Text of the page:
It is getting late now, but I hope to be able to elaborate more.

..."With regard to acclimating to a voice - Yes, I think we all acclimate to weird sounding voices. I used to think female singers from India used a very weird tone production. Now I am used to it. With regard to female jazz singers, I find the unsupported, breathy sound of many modern female jazz singers as weird and unpleasant. I like the traditional full voice sounds of the great jazz musicians of the middle 20th century. But, to many people, the new sound is what they apparently want. It is 'weird' to me, but not to them. To each, his own."...

By reading the above, I think I must have been ambiguous. I was not referring to exotic voices and ‘weird tone production’, i.e. when timber/color and abbellimenti (embellishments ?) happen to sound weird = new or different, I was referring to a western voice in a (more or less) tipical/musical environment, when it sounds weird = out of tune.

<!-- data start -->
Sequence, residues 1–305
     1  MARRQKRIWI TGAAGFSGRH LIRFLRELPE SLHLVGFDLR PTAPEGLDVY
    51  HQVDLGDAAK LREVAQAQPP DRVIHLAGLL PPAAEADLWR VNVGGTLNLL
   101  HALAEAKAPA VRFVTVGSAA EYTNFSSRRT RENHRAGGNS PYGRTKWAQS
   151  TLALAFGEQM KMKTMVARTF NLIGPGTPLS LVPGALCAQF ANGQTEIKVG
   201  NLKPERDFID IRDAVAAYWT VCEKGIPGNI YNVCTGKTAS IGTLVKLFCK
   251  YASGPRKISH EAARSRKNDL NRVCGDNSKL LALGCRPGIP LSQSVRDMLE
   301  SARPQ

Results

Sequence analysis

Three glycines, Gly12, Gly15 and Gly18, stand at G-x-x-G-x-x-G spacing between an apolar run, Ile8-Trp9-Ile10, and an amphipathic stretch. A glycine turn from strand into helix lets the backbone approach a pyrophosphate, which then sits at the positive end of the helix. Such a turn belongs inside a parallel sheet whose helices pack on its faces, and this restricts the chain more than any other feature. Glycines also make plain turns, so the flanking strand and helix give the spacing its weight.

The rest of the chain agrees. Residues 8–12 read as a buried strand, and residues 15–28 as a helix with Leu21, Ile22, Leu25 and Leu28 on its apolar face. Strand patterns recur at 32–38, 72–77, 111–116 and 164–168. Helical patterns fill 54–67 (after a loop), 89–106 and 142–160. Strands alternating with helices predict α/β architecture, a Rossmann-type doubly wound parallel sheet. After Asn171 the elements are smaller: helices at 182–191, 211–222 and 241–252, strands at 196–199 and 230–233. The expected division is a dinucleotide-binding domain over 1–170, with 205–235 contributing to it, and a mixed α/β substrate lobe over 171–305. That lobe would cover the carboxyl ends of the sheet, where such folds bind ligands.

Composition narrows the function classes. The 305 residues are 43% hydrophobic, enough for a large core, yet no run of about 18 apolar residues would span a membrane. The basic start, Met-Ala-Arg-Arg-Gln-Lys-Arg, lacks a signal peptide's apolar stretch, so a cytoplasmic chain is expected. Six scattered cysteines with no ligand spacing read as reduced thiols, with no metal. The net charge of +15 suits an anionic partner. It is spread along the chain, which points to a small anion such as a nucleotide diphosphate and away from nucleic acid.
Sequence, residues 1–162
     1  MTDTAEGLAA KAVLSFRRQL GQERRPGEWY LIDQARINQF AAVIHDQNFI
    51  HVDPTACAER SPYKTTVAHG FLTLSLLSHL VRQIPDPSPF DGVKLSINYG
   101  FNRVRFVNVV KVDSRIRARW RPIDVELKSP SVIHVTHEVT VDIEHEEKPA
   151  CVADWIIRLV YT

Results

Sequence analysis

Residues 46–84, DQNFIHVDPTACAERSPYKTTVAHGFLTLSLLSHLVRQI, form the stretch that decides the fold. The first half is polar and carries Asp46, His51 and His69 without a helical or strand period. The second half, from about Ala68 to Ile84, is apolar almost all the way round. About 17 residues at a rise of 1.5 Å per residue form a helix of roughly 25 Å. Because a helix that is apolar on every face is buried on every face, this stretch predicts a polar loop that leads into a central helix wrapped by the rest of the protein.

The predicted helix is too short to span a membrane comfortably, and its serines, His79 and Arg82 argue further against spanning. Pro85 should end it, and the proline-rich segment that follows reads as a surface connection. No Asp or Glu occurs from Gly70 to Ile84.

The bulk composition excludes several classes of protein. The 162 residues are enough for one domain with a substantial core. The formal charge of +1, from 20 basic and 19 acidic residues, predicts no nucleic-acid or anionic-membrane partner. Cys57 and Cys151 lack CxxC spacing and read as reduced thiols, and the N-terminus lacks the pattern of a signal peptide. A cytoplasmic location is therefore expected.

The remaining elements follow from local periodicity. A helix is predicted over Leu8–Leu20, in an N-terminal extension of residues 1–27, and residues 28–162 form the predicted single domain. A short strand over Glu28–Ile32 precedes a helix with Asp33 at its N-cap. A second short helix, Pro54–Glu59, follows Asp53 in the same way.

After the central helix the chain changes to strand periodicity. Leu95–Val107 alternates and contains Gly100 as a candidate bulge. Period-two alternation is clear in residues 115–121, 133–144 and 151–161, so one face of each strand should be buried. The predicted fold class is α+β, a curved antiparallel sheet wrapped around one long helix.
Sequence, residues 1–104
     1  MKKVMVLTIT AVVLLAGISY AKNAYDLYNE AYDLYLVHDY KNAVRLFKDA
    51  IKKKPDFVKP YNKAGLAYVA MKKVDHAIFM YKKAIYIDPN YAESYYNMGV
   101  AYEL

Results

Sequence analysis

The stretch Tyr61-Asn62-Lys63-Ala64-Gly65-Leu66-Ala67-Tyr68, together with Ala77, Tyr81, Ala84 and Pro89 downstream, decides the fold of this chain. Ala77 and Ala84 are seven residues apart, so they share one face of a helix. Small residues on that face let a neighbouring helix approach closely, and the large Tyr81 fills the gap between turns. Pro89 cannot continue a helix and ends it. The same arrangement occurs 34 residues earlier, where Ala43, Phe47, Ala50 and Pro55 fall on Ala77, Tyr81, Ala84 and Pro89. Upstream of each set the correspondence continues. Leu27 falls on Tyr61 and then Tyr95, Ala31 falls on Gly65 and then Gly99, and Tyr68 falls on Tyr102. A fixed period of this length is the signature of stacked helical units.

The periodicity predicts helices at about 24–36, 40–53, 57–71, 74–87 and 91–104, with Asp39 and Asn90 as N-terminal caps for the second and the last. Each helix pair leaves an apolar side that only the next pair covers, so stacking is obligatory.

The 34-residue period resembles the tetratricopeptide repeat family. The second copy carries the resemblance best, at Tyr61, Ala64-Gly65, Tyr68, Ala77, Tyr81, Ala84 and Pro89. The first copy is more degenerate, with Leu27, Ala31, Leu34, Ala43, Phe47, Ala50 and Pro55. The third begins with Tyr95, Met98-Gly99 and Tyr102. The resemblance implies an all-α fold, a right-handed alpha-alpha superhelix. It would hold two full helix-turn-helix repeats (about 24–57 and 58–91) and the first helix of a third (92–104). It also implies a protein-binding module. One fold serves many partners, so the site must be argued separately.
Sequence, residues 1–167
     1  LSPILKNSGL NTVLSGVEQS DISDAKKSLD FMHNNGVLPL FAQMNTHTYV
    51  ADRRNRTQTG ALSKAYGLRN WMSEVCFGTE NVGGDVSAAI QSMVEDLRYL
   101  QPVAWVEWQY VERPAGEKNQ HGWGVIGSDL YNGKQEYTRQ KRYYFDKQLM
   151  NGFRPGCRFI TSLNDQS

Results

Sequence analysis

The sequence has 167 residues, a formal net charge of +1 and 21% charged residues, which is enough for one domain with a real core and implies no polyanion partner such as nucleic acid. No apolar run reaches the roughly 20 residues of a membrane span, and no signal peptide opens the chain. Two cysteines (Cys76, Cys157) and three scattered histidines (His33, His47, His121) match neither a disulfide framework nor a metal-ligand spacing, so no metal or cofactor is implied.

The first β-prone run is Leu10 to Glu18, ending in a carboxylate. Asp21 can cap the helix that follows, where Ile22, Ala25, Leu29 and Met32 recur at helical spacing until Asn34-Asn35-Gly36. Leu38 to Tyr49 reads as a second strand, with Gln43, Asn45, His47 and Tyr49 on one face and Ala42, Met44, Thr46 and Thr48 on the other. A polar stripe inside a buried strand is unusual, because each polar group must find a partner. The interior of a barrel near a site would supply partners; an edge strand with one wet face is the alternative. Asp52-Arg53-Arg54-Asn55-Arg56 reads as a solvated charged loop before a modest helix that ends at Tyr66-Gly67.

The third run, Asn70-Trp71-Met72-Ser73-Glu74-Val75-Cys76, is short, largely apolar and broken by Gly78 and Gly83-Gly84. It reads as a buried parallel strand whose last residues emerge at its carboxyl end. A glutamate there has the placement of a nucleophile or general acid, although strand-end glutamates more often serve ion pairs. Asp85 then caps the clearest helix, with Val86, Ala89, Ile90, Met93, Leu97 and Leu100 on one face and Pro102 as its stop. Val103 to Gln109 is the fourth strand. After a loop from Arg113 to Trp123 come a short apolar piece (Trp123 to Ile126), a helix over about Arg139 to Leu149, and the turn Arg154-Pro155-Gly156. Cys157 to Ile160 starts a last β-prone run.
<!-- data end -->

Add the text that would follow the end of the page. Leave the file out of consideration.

Thanks again, Prout, a.c.

P.S.: Hi Bill,

You wrote: ..."I have said it before and I will say it again: The very effort to suppress any knowledge or performance in non-equal temperaments is what will insure that Reverse Well will be more commonly heard than ET. It will also insure that this lofty standard that can rarely be achieved, will very rarely be achieved."

Bill, IMO, that might depend on us.

Cheers


Edited by alfredo capurso (02/03/14 06:38 PM)
_________________________
alfredo

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#2225336 - 02/03/14 06:44 PM Re: Should There Be A Standard? [Re: OperaTenor]
BDB Offline
Yikes! 10000 Post Club Member

Registered: 06/07/03
Posts: 21266
Loc: Oakland
Quote: